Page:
Imagine that you and your partner just got married. You dated for three years, got married, and have now decided to buy an RV and travel the country. Wonderful, right? Absolutely! Until you’re three months in and 300 square feet suddenly seems small… very small.
Do most marriages survive RV living? Well, of course, it depends on the couple, but once couples learn how to maneuver around the small space, and the country, together, married RV life is a wonderful life!
Here are seven things to do for a happy marriage in an RV.
1. Be flexible
Things aren’t always going to go as planned. Sometimes the RV park will have lost your reservation, sometimes there’s an accident up ahead on the highway that may delay you for hours, sometimes the place you drove two hours to will be closed, sometimes it will rain, pour… and sometimes the roof may leak… the list goes on. Remember, you’re in this together. If both partners remain flexible, if you can come up with a good backup plan together, you’ll have smooth travels ahead.
2. Respect personal space
Folks, 300 square feet is small. What happens when your partner is watching TV in the “living room” and you’re trying to read in the bedroom? Well, you’ll probably give up reading and go join them because you can’t concentrate on your book with the noise.
What happens if you’re trying to sleep in but your partner is up at 5 a.m., the coffee pot is gurgling, the bacon is sizzling, the microwave is beeping… yeah. Good luck.
The point being, respect each other’s personal space. Maybe the TV volume can be a bit lower, maybe the bacon can wait… If someone needs some alone time, make sure they have it.
3. Don’t eat beans…
On the subject of personal space, have you ever shared 300 square feet with someone who ate a can of baked beans for dinner? Or Brussels sprouts? Broccoli? Folks, if you want your marriage to last your RV trip, know what magical fruits make you… well, you know, and hold off on those.
4. Packing light… or not…
If you know your wife wants to bring her favorite pair of slippers even though she’s already bringing seven other pairs of shoes… let her. You’re going to have to pick your battles. If she says, “No, no, honey, you’re right. I should leave them behind.” Do her a favor and sneak them into her bag. She’ll be so happy when she learns you’ve brought them along anyway. Just because you’re on the road doesn’t mean doing special things for one another stops.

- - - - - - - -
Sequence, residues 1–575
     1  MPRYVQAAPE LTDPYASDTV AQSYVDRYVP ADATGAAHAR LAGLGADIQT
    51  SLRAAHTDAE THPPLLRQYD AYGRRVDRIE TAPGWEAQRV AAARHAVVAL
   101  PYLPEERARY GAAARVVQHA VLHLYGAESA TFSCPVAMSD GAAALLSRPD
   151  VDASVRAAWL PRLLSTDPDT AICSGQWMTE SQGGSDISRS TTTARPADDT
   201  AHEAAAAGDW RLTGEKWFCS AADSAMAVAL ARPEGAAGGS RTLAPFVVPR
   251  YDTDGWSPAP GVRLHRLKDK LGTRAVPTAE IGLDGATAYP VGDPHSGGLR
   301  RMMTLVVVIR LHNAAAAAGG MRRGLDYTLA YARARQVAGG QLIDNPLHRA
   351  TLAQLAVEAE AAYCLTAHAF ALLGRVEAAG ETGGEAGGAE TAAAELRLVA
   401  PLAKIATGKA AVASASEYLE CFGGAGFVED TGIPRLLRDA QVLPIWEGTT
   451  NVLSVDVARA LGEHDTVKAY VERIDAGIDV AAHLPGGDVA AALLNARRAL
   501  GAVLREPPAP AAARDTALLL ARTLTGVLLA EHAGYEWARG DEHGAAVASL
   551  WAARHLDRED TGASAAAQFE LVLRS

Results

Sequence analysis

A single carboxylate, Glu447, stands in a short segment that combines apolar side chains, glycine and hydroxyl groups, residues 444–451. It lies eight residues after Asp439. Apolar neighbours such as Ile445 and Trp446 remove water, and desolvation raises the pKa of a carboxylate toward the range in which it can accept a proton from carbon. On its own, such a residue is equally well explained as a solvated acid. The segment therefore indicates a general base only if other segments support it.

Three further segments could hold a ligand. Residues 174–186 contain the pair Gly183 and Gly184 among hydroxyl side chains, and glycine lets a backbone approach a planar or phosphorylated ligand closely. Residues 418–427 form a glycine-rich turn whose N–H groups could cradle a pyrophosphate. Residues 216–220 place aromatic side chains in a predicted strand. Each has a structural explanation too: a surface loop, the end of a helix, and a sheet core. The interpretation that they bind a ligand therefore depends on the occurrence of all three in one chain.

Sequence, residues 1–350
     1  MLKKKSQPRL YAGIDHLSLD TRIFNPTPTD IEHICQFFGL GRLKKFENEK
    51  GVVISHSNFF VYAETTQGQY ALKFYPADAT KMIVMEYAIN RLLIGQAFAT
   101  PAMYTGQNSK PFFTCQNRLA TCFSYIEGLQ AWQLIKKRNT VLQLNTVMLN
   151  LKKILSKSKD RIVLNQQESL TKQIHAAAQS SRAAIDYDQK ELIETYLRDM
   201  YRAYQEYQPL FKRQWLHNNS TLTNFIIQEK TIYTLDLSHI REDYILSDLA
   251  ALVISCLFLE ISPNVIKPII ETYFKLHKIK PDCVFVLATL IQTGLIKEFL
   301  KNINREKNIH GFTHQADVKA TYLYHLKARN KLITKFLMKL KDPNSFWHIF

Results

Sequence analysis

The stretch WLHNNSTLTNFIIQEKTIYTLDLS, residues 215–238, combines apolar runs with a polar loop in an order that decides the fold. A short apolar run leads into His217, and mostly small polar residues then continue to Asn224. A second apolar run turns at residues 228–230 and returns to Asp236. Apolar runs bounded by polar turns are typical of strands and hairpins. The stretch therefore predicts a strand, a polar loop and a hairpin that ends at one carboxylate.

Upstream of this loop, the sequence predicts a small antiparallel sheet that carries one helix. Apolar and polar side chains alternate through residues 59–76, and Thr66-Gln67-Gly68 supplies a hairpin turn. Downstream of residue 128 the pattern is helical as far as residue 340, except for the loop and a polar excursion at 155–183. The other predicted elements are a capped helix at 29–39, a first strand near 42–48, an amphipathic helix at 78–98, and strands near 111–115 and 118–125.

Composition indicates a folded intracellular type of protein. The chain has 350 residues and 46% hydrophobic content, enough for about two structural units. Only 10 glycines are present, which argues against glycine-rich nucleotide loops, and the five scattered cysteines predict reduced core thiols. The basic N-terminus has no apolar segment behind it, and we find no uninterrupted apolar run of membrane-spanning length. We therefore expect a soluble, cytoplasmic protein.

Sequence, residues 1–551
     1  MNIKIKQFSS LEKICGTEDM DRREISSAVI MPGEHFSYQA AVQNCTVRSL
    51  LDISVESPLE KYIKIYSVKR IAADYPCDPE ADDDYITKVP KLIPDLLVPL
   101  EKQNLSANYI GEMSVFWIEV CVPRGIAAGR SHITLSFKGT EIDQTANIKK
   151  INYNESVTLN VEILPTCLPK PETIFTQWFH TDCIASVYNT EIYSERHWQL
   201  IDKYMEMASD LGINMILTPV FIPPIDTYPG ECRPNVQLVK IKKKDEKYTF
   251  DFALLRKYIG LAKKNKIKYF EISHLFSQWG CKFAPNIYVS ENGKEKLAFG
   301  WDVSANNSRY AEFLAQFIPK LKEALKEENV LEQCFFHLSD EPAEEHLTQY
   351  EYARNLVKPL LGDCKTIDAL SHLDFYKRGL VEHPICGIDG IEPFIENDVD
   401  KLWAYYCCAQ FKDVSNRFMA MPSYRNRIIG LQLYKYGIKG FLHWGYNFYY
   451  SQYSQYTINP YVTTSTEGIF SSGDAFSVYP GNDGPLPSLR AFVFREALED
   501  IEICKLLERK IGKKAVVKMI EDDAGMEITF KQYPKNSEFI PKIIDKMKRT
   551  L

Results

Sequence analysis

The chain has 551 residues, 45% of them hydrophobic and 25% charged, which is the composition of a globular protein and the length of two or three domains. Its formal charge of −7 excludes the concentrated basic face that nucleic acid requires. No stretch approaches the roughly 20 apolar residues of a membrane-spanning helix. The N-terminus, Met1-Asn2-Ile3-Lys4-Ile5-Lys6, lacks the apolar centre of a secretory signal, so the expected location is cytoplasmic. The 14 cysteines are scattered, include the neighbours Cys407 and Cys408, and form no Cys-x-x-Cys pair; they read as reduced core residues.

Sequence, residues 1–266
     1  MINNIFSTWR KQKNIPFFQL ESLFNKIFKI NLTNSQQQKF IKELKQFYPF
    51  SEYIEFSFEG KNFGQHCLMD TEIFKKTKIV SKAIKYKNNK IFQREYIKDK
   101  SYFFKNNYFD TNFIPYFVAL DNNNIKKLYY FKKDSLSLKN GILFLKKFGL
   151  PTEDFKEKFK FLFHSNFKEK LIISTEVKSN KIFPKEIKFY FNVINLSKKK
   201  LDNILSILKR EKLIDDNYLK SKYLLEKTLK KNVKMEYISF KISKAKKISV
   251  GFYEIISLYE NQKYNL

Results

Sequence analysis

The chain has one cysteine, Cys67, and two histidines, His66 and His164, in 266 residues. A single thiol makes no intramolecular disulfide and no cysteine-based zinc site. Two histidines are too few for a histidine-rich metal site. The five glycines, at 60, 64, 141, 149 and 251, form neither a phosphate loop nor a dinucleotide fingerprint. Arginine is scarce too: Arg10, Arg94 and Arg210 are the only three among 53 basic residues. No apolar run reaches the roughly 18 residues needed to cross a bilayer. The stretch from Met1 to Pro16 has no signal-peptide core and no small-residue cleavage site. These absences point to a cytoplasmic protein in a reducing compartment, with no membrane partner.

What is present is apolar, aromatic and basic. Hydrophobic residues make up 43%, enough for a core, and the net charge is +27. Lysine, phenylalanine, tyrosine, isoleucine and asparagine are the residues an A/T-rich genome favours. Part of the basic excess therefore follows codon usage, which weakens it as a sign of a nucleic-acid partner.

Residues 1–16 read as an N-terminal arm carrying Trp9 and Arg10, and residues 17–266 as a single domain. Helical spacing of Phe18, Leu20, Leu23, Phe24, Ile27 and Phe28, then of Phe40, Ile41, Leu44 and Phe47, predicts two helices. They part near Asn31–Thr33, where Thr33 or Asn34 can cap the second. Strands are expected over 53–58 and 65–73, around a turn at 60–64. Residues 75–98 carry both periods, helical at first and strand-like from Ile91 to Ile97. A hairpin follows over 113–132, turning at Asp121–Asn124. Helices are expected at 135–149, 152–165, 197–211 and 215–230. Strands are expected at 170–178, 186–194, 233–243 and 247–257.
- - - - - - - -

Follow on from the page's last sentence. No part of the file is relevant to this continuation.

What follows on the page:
5. Backing up
If you’ve never gotten into an argument while backing up the rig, you’ve never been RVing with a significant other. It’s bound to happen. Practice your techniques when your RV is parked (whatever those techniques are) and know exactly what your partner is doing back there when they’re waving their arms one way or the other. If you know exactly what your partner means when they’re yelling at you to turn the wheel right but back up left (and watch out for that tree!), you’ll avoid the arguments. You can thank us later.
6. Listen to the GPS
You know how they say men don’t ask for directions? Well, sometimes men don’t listen to the GPS either. Men, if your partner tells you to go one way, just listen and go that darn way. “Backseat drivers” may be annoying, but they’re the ones studying the map, aren’t they? Not to mention the fact that the GPS could be wrong.
7. Watch the gas tank
One sure way to get into an argument? Run out of gas. Again, that “backseat” or “passenger” driver knows if you’re leaving town soon and the next town isn’t for 100 miles (they’ve got the map, remember?). If they say, “How’s the gas tank? The next gas station isn’t for a while.” You’d be smart to fill up if you want to keep the peace.
There are, of course, a hundred and one other things you can do to help your marriage survive your RV trip, or, if you’re extremely brave, full-time RV life. Do you have any suggestions for those just getting started with their partner in an RV? Leave them in the comments below.